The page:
Gene Patents

Author: Julia Reinitz

The U.S. Court of Appeals for the Federal Circuit (a court specializing in patent hearings) was recently instructed by the Supreme Court to re-evaluate a case against Myriad Genetics’ patent on breast-cancer causing variations in the human BRCA1 and BRCA2 genes. The review is being ordered in light of the Supreme Court’s ruling against Prometheus Laboratories attempt to patent what amounted to a medical recommendation as a unique medical test. While these cases may seem at first glance to be highly technical and largely irrelevant to the average American, they point to a possible shift in the direction of genetic patent law that could have dramatic implications.

The history of gene patents in America begins with the Supreme Court ruling in Diamond v. Chakrabarty (1980), which dealt with Ananda Chakrabarty’s attempt to patent a genetically modified version of a Pseudomonas bacterium that was capable of metabolizing crude oil. In arguably the first ruling on a biotechnology issue, the Court held that “a live, human-made micro-organism is patentable subject matter.” Chief Justice Burger’s majority opinion encouraged broad interpretations of patentable material to “include anything under the sun that is made by man.”

That case, as well as the Court of Appeals for the Federal Circuit (CAFC)’s later ruling in Amgen v. Chugai Pharmaceutical Co. (which held that genes were chemical compounds), enabled the blossoming of the U.S. biotech/genetic modification industry. Companies are able to isolate nucleotide (DNA or RNA) sequences and patent both the sequences themselves, and any organisms containing the unique sequences. The result is a myriad of patented genetic compounds available for purchase by laboratories, and patented genetically modified organisms available for purchase by almost anyone.

Many groups have criticized this ability to patent genes and genetically modified organisms. Readers who have seen the popular documentary Food, Inc. will be familiar with much of this criticism, such as the inability of poor farmers to buy new GMO seeds every year or pay fines incurred from accidentally harvesting seeds from crossed-over GMO plants. In the medical realm, criticism has been leveled that patenting genes involved in gene therapy or medical tests unnecessarily increase costs at the expense of patients. On the flip side, however, advocates of broad patentability maintain that the ability to patent genes/nucleotide sequences is necessary to spur innovation.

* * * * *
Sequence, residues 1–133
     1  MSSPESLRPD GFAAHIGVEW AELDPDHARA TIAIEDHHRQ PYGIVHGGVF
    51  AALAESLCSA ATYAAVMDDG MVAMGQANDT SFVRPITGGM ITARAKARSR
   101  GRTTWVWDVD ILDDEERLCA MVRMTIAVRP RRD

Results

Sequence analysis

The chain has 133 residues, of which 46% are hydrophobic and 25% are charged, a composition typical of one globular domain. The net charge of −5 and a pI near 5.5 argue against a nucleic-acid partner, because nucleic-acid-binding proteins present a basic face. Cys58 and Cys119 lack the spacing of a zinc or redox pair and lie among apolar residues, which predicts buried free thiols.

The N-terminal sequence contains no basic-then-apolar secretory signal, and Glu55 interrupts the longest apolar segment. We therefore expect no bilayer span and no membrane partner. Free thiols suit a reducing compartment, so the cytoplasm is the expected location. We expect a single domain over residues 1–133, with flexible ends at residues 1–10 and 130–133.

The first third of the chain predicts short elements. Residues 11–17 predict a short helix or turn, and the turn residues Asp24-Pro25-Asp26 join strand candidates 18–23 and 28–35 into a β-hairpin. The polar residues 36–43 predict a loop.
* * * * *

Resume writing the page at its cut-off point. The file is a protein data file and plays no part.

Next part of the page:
Since O’Reilly v. Morse in 1853, the Court has maintained that natural laws or natural phenomena cannot be patented. Morse’s claim to the exclusive right to use electricity for his telegraph machine was struck down, as it was an attempt to patent a natural phenomenon. The recent Prometheus case was decided in the same vein, with Justice Breyer indicating that utilization of scientific discoveries about blood chemical indicators for appropriate dosing levels was a natural law, not a patentable medical test. Petitioners against Myriad are hoping that the appeals court will now find that their patents in regards to BRCA1 and BRCA2 are invalid because the genes are natural phenomena.

While a reversal of the CAFC’s decision in the Myriad case will not prevent biotech companies from patenting genetically modified organisms, it might have profound effects on the way future courts will consider issues of gene crossover. Much of the criticism of companies like Monsanto is that they punish (sue) innocent farmers whose crops are contaminated with modified genes through cross-pollination from neighboring fields. If the CAFC finds that Myriad’s patent of mutated BRCA1 and BRCA2 genes is invalid, it will open up space for interesting questions regarding whether a gene delivered by cross-pollination is still a man-made object or a natural phenomenon. After all, many mutations in human genes are caused by outside factors—but that does not necessarily make mutated genes patentable.

Is a gene still man-made if it has naturally disseminated into the broader gene pool, absent active human involvement? What would the biotech industry do if it couldn’t patent as many genes anymore? These are complex issues, and it’s worth paying attention to what the Court will do next.